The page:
Safety and Awareness – Tires

Tires… I like mine round!

Tires are the unsung performance heroes of the motorcycle world.  Think about it, everything you ask of your motorcycle (accelerate, stay upright, turn & stop) is dependent upon your tire’s ability to create traction through its interaction with that big belt sander perpetually in motion underneath you (the road surface).  Accordingly, we should lavish some attention upon our tires, but many among us do not.

How often do you check your tires?  If you ride regularly you should check them once a week at a minimum, if not check them before each ride.  If you are on a road trip check them each morning before heading out, if not you could be caught unawares (roadside tire repairs are not on my list of entertaining endeavors).  Check for tread wear, cuts, embedded sharpies (nails, staples, etc.) and tire pressure.

The correct tire pressure for your machine is truly a subjective matter.  Your owner’s manual will give you the recommended tire pressure for your motorcycle based upon the original equipment tires and average rider weight.  What is the weight of an average rider you ask?  Hell if I know, but I bet it’s not as much as I weigh and there is generally a crap load of stuff in my bags.  If you are a fully blossomed American and you are carrying 20 pounds of gear for a trip, you need extra pressure in your tires to compensate for the extra weight.  Just make sure you do not exceed the maximum pressure indicated on the sidewall of the tire.  If you are traveling two-up, go to the maximum pressure on your rear tire and keep it there.  Also, if you are like me and experiment with different tires, remember that changes in tire design, sometimes changes the recommended pressure.  If you are no longer using OEM tires, forget the recommended pressure in the owner’s manual and use the online fitment chart for those tires on your bike as the proper starting point and adjust for extra weight from there. After you confirm the correct tire pressure, check your tires closely for wear.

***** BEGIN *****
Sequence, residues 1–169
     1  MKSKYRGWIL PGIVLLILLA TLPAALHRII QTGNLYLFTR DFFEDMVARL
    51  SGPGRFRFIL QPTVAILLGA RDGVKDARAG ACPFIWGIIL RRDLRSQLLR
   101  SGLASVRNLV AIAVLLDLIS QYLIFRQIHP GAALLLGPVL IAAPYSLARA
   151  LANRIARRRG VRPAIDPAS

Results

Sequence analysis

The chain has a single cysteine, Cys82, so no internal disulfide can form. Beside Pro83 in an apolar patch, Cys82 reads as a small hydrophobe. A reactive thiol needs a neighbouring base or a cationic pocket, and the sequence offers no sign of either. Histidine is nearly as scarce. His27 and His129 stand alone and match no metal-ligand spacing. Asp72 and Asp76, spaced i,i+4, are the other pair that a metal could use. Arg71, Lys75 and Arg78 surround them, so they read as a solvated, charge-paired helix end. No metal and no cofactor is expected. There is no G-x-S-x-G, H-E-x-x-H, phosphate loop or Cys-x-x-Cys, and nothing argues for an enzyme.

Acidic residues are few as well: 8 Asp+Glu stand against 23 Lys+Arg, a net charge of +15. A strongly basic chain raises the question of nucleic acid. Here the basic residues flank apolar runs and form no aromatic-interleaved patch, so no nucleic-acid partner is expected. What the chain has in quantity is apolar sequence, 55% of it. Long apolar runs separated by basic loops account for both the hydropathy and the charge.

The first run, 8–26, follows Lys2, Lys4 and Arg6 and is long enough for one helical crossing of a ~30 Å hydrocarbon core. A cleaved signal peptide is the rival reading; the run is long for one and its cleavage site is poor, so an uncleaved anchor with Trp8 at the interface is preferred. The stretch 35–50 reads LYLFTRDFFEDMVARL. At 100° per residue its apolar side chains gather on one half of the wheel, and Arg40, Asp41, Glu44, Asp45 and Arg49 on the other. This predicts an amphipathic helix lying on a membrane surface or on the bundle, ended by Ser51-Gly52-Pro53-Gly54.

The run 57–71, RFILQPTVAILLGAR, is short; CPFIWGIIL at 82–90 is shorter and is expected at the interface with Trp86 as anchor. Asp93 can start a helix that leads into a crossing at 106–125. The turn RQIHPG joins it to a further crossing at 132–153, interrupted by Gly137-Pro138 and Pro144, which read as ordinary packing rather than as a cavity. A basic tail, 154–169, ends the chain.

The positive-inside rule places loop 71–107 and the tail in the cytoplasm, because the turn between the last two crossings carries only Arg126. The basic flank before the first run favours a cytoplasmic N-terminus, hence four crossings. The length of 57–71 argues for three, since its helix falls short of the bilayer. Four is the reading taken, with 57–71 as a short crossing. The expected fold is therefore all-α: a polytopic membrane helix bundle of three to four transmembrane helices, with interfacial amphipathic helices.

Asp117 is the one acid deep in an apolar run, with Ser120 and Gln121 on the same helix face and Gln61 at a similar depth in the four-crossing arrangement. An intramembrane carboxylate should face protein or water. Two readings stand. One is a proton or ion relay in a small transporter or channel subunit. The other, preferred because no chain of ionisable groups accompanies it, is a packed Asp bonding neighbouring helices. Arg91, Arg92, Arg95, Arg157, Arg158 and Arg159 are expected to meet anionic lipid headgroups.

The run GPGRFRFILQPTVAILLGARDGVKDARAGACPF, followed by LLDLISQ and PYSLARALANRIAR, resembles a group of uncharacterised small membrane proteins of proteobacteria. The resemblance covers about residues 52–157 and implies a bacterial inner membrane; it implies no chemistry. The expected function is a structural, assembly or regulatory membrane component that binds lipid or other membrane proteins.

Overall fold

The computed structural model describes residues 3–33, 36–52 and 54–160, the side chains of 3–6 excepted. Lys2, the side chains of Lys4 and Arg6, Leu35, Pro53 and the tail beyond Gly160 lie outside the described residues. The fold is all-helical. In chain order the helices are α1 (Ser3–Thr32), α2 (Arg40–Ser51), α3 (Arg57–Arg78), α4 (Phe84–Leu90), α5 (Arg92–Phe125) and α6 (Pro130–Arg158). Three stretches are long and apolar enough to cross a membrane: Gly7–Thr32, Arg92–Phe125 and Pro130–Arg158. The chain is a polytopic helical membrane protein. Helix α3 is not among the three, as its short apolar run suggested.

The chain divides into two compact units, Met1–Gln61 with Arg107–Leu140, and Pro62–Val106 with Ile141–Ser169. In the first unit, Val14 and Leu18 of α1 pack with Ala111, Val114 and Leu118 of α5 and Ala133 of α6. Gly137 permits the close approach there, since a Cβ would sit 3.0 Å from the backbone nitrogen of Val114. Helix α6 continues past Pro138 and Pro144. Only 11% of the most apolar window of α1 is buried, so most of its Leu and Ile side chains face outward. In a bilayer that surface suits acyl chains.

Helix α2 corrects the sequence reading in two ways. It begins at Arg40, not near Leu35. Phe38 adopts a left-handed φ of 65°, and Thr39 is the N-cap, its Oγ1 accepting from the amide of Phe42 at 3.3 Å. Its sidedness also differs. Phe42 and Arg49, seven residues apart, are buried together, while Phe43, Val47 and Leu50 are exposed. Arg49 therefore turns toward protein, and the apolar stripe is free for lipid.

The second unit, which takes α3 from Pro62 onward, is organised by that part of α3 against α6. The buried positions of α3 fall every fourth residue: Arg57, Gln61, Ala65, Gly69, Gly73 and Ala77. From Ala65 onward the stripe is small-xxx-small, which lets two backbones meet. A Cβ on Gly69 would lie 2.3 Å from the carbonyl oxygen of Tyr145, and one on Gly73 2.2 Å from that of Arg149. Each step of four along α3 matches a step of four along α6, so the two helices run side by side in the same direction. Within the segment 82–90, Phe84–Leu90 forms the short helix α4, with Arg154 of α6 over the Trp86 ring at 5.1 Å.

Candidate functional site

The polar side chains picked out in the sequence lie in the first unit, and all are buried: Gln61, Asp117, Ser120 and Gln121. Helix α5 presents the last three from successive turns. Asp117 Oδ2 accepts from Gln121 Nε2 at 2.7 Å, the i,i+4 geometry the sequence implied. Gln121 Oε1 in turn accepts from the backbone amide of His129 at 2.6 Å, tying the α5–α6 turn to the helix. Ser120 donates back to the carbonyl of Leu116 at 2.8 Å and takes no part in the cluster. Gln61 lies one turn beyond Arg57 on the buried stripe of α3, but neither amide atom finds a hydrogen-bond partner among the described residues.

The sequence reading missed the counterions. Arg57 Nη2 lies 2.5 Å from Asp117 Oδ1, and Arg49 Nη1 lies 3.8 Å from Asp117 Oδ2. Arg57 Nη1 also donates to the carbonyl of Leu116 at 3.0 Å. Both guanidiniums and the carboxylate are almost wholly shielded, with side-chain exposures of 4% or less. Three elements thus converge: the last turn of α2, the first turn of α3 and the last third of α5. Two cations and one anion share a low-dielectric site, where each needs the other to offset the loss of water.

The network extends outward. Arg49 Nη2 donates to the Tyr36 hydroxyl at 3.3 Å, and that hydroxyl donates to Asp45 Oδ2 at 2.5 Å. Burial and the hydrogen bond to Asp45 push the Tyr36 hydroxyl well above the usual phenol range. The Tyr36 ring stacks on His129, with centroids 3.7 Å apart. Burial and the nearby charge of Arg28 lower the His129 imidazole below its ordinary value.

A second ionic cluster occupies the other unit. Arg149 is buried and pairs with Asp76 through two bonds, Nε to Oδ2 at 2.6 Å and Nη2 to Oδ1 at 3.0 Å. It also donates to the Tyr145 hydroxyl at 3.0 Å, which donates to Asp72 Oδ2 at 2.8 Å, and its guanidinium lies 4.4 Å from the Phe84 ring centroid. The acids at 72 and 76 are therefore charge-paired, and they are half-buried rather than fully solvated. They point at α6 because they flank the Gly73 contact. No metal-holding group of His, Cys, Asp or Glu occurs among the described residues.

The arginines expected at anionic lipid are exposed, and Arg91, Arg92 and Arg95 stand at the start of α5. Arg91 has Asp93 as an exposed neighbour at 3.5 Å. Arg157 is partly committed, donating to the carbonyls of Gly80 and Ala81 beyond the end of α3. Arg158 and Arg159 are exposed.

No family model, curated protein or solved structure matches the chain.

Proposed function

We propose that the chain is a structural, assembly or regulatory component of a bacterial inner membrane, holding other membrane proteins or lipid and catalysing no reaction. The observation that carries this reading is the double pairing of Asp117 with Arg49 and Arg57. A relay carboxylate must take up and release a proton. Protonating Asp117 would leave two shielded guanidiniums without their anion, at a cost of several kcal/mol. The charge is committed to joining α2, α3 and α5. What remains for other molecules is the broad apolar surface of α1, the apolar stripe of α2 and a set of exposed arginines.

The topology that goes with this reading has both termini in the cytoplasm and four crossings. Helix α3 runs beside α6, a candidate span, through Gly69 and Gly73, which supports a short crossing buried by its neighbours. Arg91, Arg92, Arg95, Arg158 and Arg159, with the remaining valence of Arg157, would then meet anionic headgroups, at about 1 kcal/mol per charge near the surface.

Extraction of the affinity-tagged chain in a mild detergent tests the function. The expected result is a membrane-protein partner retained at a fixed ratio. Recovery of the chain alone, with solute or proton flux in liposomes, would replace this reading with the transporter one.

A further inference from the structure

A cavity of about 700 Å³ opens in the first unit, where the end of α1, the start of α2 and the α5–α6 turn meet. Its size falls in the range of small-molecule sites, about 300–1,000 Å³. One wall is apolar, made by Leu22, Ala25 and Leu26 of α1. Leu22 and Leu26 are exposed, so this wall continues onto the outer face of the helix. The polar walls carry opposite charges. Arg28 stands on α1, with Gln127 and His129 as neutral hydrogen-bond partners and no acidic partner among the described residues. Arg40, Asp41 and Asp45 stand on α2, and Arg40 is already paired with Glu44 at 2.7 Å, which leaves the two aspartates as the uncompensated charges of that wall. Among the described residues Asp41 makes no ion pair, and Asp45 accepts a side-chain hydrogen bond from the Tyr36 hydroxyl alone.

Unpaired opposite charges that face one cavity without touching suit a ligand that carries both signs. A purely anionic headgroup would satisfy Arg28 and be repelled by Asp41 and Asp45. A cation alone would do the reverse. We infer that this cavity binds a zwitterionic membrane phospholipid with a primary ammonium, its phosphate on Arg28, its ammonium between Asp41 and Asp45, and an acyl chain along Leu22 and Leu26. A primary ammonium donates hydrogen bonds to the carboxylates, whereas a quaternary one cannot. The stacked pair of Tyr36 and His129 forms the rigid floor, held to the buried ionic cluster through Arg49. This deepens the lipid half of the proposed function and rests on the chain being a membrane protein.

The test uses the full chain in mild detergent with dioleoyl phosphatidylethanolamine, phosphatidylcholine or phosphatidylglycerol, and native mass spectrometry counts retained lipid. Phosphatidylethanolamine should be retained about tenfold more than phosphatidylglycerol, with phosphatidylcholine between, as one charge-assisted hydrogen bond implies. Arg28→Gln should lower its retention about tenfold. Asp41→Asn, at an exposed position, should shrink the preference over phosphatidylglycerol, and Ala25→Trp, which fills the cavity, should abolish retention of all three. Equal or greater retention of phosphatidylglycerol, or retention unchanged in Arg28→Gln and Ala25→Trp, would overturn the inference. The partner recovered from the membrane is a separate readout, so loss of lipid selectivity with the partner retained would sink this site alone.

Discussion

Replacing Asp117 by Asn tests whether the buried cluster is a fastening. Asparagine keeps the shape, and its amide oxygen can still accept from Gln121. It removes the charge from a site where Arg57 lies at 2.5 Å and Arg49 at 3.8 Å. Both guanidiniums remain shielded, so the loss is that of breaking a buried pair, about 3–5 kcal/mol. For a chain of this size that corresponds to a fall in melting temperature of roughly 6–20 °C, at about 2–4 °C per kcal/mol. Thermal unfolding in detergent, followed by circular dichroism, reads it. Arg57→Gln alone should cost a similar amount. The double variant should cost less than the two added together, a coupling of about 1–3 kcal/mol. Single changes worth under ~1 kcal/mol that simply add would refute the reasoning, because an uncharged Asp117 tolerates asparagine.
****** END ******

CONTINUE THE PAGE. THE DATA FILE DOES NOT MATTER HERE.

At first glance, this Metzler ME880 tire off of my touring bike looks a little worn but ok for another few thousand miles.  The tread looks deep enough without any flat spotting in the middle, but when you inspect more closely you can see an issue with this tire.

Near the center of this tire the tread is worn almost to the surface of the wear bar.  When your tire tread is worn to this degree, spend the bucks and toss it!  This tire is no longer able to effectively channel water and debris to give you traction in all conditions.  You can also expect a higher rate of tire failures, which can be very dangerous.  I know they are expensive, but isn’t your life worth it?  Besides, your bike handles a lot better with new shoes.

Closely related to tire wear is tire age, something we seldom think about.  No one likes drinking skunky beer and you shouldn’t want to ride on skunky tires either.  As tires age they lose their pliability, which is their ability to conform to irregularities in the big belt sander and that results in loss of traction.  Regardless of how well you store your machine, cruiser/touring bike tires are good for about 4 years, sport touring and sport bike tires with softer compounds, even less.  Much past that and you are compromising performance and safety.  The tire manufacturers and the boys and girls at the US Department of Transportation want you to know if you have skunky tires, so they stamp a born on date on each tire.

When you look at the DOT code on the sidewall of your tire, the last 4 numbers comprise the manufacture date, in this example “2112.”  The first two digits are the week of the year, and the last two are the year.  This tire was made in the 21st week of 2012.

Keep the rubber side down
See ya on the road